Founding Dean Hal Varian commits $500,000 to establish a doctoral endowment at the UC Berkeley School of Information
“The University of California, Berkeley has an opportunity to pioneer in the development of an emerging professional field of critical importance.”
— Proposal for a School of Information Management and Systems,
UC Berkeley, December 6, 1993
In 1995, Hal Varian was recruited to be the first dean of what is now the UC Berkeley School of Information. Initially, Varian (now Google’s chief economist) wasn’t interested in coming to Berkeley and didn’t even consider it. At the time he had a joint appointment in economics and business at the University of Michigan. By chance, when he received the letter from Berkeley, he was serving on a committee to address the future of the Michigan library school.
“I got a letter — a physical letter! — saying that Berkeley was thinking about creating a new information school,” he said, “and that my name had been suggested to be the possible dean.”
He tossed the letter in the wastebasket. But there was a Gopher page (Gopher was a file transfer protocol before the web as we currently know it) with a document outlining the concept for the new school at Berkeley. Varian remembered the document, and thinking it might be useful for the Michigan committee, took a look. “What I encountered,” he said, “was a tremendous vision.”
He decided to apply for the job he didn’t want, and the rest is history.
Now Varian is making I School history once again, donating $500,000 — doubled, in conjunction with UC Berkeley’s Light The Way Campaign, by an anonymous donor’s match — to establish a million-dollar fellowship endowment in support of School of Information doctoral students. Head of School and Associate Dean Hany Farid said of the gift, “Recruiting talented graduate students is vital to advancing the mission of the I School. Varian’s generosity is more than a gift: it’s a strategic investment in the future of the I School, and we're incredibly grateful for his support.”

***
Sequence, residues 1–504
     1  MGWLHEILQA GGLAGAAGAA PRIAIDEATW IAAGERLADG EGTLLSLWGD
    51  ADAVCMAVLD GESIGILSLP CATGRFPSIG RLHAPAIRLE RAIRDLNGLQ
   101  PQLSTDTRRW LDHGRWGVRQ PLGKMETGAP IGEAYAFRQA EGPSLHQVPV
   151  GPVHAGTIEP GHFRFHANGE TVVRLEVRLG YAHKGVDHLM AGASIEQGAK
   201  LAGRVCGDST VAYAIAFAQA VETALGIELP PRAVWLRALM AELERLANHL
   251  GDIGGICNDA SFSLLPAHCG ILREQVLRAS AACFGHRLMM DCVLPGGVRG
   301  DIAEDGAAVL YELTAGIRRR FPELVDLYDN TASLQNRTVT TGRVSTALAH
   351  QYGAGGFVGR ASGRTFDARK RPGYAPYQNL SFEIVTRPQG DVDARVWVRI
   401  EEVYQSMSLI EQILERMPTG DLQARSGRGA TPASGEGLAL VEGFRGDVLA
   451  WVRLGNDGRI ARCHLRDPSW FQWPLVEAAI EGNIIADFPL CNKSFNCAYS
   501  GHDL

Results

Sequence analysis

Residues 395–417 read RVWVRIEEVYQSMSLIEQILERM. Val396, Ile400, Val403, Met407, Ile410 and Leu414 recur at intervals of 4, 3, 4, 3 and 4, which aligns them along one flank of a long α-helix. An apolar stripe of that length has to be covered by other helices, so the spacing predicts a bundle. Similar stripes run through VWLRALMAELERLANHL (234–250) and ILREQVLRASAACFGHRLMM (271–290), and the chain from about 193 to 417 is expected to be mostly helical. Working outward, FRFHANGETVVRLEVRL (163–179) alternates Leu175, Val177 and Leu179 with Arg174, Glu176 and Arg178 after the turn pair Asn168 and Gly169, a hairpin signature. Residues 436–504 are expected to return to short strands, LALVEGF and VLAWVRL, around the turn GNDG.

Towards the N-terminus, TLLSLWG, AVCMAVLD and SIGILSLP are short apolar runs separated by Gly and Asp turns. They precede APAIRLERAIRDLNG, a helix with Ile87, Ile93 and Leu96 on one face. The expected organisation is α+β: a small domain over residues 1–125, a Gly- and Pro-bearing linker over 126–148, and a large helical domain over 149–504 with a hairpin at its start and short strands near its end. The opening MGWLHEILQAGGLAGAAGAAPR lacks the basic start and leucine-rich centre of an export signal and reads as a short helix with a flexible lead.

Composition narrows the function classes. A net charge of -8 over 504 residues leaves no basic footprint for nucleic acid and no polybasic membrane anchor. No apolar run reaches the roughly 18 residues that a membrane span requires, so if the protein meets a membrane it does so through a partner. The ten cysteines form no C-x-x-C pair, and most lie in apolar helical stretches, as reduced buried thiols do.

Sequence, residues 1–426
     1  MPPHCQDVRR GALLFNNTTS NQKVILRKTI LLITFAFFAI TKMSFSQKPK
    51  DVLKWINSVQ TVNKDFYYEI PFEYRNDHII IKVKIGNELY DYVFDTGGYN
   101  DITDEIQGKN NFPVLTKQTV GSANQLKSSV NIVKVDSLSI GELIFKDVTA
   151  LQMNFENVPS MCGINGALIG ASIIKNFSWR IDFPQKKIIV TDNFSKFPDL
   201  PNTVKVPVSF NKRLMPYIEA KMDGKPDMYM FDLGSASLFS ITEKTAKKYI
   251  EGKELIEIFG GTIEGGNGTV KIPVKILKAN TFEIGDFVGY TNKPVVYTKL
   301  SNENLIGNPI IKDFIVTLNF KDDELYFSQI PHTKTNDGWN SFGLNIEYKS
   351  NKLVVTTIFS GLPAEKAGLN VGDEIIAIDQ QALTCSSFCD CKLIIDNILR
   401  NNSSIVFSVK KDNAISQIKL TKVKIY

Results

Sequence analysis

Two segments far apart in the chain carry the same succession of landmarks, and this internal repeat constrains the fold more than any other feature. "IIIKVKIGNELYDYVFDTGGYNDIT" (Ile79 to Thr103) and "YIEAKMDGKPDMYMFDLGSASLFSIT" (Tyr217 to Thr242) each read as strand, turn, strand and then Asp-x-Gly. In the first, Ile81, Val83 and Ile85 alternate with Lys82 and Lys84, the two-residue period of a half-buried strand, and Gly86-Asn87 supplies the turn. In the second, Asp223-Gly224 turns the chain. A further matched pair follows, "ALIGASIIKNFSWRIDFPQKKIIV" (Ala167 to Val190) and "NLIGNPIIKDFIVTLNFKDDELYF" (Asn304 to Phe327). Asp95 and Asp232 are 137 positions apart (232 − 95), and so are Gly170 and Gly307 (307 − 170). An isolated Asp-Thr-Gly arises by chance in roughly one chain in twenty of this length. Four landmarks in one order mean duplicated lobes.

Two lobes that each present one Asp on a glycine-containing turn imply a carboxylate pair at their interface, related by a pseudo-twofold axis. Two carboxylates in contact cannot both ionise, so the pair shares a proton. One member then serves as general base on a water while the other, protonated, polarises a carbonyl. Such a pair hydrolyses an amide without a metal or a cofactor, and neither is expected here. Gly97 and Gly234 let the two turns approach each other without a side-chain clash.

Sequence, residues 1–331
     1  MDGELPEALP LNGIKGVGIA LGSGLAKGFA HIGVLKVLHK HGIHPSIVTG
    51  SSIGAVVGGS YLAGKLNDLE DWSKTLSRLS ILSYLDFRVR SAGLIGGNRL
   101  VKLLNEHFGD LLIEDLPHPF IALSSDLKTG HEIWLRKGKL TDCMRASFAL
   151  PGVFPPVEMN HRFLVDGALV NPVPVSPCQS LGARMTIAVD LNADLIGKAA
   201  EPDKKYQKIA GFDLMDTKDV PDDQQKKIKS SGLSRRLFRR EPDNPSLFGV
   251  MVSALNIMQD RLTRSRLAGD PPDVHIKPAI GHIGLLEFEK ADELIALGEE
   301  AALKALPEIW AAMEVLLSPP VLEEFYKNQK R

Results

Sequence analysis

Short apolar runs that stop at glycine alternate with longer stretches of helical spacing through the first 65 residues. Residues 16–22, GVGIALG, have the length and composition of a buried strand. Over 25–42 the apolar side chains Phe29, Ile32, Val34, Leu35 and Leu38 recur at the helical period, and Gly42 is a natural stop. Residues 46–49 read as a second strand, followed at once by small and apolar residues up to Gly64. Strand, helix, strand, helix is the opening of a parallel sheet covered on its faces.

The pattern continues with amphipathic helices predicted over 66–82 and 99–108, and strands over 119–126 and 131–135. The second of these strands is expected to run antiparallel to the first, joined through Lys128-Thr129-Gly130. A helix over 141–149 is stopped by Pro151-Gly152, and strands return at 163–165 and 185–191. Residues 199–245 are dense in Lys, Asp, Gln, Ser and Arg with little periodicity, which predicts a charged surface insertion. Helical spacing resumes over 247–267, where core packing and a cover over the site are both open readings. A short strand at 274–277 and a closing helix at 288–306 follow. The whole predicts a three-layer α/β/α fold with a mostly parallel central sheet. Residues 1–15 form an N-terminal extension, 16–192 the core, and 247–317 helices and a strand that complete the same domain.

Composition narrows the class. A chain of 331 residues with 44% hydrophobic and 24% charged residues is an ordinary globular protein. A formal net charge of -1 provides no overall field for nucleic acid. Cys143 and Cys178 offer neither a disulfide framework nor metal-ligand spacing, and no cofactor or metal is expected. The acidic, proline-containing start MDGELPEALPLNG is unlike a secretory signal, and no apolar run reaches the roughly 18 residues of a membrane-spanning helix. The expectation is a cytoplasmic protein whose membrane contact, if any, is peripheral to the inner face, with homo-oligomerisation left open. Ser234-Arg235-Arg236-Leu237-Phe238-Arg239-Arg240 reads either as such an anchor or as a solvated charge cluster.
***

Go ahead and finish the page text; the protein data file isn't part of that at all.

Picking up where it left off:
The Ph.D. program is of particular interest to Varian; he says he initiated the fund because, “There’s a lot of demand for researchers,” but he feels “most doctoral programs take way too long to complete.” The financial constraints students face were a motivator for his decision to invest in students. “I’d like to see the I School turn out students more quickly,” he said. “One way to do this was to help students with the financial part.”
Associate Professor Joshua Blumenstock, who has interdisciplinary expertise in economics (like Varian) and computer science, believes the gift has great practical and symbolic importance for the I School Ph.D. program, of which Blumenstock is an alumnus. “The I School Ph.D. program is already helping to train leading scholars at the intersection of technology and society,” Blumenstock said, “this funding will help us double down on our commitment to students, by providing additional support to students who will go on to change the world through their work.”
Since Varian’s days as dean (1995–2003), the I School has seen substantial growth: originally offering one professional master’s program and a Ph.D., to now offer a total of four professional master’s degree programs as well as the doctoral program. The School has been a pioneer in online education since launching the country’s first fully online Master of Information and Data Science degree program in 2013.
Varian said that his hope for the then-new school exceeded his expectations. “When the School started in 1995, remote learning was rarely thought of and the internet boom was just beginning. We caught the wave,” he said.
The I School is still riding that wave: our Ph.D. graduates are found in positions at the intersection of technology, people, and information, and have careers in fields like academia, government, healthcare, and finance. To continue to attract and retain brilliant graduate students — who often have very competitive funding offers from peer institutions — the I School must remain competitive, and this latest gift by former Dean Varian will help the I School attract and retain the quality our exceptional students are known for.
“This is such a generous and important gift from Hal Varian,” said Professor Coye Cheshire, head graduate advisor for the Ph.D. program. “And it comes at a time when interdisciplinary doctoral research is essential for addressing the biggest problems of information, technology, and human behavior.”